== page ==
The meat of the story comes from the titular character Lisbeth Salander. She is a single, 24-year old outcast with a troubled past that she likes to keep secret. A good 30-minutes of the movie is spent establishing who she is and what she does (illegally hacking into computers as a information consultant for the firm she works for), all completely separate from Mikael and his new thing. Well, not entirely separate. Lisbeth has been hacking into Mikael's computer, following his activities (and investigation) in her free time. And this is where things get horrifying. Due to a convoluted system requiring her to have probationary oversight (due to her criminal record), she is reassigned to a new guardian - one who, unlike her current guardian isn't out in some hospital somewhere recovering from a stroke. Her new guardian begins leveraging his legal authority against her, gaining access to her bank account while restricting her own, prying into her sexual life, and eventually, raping her. Twice.
Now this is a part of the movie that bears not skimming over simply because it is uncomfortable. The rape scenes are not particularly graphic nudity-wise, but they are incredibly cruel and violent (the woman sitting in front of me at the theater had to keep looking away, and understandably so). They are uncomfortable to watch, even safe at home or at a theater. But they are necessary, because without such painful scenes, Lisbeth's vicious drive for revenge is unrelatable. But with them, you want (at least on some level) the same visceral retaliation she wants, and feel a twinge of the same unfulfilled satisfaction when she achieves it.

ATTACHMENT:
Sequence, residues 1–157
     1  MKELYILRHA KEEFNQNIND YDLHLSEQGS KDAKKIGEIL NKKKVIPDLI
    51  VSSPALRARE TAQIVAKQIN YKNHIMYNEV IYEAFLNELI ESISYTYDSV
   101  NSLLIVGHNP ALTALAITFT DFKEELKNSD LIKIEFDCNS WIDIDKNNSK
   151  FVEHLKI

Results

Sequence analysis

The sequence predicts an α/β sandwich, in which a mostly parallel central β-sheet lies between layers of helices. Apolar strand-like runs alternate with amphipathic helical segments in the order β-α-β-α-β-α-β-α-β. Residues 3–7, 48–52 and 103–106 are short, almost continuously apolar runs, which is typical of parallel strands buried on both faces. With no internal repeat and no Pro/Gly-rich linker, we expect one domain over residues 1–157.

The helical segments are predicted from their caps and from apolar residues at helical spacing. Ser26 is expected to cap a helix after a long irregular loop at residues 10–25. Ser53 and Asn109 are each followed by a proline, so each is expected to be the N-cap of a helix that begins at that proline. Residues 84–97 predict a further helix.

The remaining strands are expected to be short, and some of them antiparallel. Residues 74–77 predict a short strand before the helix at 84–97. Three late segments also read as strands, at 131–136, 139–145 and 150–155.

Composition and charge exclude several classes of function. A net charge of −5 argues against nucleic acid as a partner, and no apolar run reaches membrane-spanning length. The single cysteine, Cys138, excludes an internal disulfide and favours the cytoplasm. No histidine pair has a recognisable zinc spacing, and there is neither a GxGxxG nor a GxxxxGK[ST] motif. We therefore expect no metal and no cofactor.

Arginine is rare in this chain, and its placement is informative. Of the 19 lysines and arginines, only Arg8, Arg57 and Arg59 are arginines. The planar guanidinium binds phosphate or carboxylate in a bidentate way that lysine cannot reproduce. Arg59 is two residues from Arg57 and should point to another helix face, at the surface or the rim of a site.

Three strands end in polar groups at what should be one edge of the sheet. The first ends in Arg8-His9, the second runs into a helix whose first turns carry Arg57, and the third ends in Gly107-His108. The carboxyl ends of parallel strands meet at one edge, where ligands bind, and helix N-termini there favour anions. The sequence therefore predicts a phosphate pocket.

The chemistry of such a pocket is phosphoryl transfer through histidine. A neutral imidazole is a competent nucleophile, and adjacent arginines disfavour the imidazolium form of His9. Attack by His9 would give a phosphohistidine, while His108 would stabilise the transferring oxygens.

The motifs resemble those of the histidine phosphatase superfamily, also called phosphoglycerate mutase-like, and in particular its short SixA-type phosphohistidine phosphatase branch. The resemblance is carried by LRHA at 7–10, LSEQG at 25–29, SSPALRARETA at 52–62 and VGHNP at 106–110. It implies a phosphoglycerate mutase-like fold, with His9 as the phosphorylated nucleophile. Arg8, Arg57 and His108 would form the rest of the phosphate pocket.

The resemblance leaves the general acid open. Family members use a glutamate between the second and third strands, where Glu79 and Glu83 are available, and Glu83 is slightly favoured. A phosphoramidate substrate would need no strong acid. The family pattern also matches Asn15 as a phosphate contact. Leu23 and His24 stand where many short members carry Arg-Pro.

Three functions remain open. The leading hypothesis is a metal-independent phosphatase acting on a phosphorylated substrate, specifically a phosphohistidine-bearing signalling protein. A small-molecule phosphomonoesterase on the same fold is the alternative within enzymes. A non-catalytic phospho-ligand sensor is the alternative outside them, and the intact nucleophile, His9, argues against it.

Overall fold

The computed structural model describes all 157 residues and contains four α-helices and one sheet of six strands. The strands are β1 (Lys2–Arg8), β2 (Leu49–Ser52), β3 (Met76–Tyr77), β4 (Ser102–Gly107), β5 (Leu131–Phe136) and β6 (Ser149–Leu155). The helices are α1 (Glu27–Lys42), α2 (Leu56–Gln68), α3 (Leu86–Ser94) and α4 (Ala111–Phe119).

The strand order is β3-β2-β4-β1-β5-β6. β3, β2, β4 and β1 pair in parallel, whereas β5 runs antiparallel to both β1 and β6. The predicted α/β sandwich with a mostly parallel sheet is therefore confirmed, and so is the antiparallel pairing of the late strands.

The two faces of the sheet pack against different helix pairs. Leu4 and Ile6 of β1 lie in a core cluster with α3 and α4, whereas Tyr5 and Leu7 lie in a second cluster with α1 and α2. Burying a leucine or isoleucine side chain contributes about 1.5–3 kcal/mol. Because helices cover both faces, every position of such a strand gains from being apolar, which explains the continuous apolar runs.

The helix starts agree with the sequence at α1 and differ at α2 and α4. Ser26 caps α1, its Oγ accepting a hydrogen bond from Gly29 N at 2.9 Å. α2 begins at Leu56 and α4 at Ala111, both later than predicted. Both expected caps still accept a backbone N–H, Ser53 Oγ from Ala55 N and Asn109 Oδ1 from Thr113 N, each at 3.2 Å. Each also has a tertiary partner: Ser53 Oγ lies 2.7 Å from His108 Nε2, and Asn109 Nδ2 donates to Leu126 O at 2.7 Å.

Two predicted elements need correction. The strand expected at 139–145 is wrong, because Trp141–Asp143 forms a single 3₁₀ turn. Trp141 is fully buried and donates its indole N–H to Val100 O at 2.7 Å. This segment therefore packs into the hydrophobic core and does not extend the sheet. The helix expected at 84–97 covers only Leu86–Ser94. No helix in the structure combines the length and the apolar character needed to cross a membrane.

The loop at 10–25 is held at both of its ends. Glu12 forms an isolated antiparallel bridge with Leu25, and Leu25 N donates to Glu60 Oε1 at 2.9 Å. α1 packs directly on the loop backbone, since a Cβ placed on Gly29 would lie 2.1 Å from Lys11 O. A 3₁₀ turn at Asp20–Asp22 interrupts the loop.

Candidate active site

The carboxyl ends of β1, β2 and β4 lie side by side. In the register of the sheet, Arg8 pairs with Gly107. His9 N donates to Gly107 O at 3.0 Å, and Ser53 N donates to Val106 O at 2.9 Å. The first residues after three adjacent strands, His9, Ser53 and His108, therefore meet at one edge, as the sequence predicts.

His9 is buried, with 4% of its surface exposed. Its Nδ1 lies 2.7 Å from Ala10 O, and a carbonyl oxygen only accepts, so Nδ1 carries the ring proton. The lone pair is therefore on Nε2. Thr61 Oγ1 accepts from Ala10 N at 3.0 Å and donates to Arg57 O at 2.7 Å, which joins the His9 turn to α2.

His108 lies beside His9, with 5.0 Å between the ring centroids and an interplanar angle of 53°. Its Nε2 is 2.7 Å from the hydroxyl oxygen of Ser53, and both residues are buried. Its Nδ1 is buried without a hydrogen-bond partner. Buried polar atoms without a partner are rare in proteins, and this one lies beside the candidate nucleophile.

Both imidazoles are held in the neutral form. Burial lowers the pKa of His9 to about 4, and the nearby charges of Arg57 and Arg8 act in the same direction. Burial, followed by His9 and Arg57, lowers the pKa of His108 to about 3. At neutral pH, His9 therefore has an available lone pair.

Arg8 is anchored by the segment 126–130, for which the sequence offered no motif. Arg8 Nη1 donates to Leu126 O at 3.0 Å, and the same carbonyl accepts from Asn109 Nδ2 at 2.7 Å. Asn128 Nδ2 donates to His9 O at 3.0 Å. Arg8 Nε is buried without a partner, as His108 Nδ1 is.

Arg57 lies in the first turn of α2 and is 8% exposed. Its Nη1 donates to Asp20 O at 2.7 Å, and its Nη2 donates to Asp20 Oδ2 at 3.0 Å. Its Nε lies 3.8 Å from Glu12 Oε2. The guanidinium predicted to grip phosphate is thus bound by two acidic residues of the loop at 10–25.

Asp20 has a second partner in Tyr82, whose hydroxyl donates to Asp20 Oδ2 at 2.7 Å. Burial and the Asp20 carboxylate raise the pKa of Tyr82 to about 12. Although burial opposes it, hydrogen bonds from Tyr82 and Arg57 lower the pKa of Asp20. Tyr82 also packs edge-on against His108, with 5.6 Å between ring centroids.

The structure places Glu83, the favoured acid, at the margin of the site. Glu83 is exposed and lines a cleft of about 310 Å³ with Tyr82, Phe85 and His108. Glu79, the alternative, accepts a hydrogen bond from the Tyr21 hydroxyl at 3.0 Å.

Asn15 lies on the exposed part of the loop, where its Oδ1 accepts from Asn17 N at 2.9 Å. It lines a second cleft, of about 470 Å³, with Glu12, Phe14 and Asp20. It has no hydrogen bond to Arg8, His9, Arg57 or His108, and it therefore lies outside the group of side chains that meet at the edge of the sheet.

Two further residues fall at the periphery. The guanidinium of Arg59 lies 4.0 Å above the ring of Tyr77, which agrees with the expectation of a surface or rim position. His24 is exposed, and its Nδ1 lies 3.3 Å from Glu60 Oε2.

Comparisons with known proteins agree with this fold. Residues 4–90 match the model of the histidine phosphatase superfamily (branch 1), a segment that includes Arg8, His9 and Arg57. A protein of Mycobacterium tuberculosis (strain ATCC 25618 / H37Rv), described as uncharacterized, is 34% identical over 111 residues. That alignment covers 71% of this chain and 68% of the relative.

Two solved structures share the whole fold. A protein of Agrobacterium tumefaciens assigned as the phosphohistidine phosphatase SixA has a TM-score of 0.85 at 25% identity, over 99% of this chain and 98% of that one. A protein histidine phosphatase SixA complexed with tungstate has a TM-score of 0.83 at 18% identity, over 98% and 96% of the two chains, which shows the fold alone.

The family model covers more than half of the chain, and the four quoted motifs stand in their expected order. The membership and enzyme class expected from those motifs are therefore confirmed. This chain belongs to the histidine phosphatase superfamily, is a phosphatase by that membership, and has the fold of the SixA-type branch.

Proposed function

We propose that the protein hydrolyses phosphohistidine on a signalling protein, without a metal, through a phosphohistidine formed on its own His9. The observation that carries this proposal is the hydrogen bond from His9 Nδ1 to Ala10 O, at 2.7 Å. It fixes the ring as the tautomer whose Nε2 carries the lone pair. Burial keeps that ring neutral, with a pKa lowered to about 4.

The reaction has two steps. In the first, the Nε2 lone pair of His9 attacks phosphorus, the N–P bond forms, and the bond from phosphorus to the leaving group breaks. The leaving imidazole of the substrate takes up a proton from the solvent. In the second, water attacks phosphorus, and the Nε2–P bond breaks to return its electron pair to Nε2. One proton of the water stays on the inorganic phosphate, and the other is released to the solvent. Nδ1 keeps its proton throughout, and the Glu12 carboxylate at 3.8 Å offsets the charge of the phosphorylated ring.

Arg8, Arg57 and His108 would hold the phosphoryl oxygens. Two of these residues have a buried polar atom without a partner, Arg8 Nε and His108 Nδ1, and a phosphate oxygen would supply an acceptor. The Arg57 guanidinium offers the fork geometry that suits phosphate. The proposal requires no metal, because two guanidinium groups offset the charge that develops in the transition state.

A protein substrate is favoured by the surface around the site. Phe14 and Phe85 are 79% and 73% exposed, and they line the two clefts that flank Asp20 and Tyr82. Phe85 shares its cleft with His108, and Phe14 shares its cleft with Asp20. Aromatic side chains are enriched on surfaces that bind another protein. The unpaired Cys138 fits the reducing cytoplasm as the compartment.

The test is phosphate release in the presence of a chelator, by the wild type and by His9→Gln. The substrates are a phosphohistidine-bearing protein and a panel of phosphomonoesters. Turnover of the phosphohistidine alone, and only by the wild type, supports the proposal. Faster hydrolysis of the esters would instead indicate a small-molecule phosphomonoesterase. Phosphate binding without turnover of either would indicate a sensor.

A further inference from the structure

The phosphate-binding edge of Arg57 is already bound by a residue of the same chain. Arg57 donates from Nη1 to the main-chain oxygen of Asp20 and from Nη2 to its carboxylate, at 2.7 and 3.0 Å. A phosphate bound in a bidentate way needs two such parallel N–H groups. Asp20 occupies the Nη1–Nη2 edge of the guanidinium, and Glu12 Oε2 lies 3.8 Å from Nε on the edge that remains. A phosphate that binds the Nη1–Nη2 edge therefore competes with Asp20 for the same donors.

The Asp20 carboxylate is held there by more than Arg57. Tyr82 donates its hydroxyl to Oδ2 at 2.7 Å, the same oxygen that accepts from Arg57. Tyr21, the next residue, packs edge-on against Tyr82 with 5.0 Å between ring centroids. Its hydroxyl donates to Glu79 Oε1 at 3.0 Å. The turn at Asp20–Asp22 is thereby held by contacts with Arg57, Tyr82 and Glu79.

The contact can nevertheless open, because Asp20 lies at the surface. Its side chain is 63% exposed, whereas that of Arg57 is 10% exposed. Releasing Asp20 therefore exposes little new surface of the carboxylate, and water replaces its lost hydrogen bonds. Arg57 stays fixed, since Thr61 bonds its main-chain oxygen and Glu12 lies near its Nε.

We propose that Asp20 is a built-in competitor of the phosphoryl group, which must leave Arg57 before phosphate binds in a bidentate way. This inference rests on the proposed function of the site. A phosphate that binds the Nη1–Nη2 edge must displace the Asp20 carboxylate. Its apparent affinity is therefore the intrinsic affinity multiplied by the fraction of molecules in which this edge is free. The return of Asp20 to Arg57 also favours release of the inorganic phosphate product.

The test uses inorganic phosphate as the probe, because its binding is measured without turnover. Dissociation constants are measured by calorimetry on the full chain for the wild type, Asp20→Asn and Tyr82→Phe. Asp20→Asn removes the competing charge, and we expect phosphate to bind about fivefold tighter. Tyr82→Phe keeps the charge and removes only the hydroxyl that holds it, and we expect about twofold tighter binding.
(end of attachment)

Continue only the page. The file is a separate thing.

Eventually, Lisbeth reaches out to Mikael when he finds himself at a loss as how to proceed with his investigation, sending him an "easily traceable" e-mail telling him how to decipher the clues he's stuck on. Thereafter they combine the might of their marvelous thinking brains and rather quickly begin unraveling family secrets of their suspects.
Lisbeth and Mikael are a delight to watch. Their interactions are hilarious, and unpredictable. Lisbeth half-mocks Mikael's inexperienced driving, and her response to most of his questions and comments involves immediately leaving the room and smoking 3-4 packs of cigarettes.
I don't want to say much more because I don't like to spoil perfectly good movies with my clumsy summaries, but I can say that this is one of those cases where I want more of the story. I want to know what happens to Lisbeth and Mikael. I want to know what awaits in the next chapter and learn more about Lisbeth's past. And I want to know how they ultimately escape those Nazis on the airship. From what I've been told, all those things are addressed (except for the Nazis - that's what we mountebanks call a "decoy"), and the series only gets better as the novels progress.
So how terrific for me to discover that I won't have to read the novels! The two subsequent sequels (ha!) have already been filmed (and released... in Sweden) and have US release dates of July 9 (hey, that was this month!) and Sometime-2010. Beyond that... nothing, because the series' author died in 2004, so I'm kind of hoping the sequels are horrible and not as good as they undoubtedly will be, leaving me unfulfilled in the midst of a brilliant saga.
And no, I'm not going to acknowledge the tentative Hollywood remake.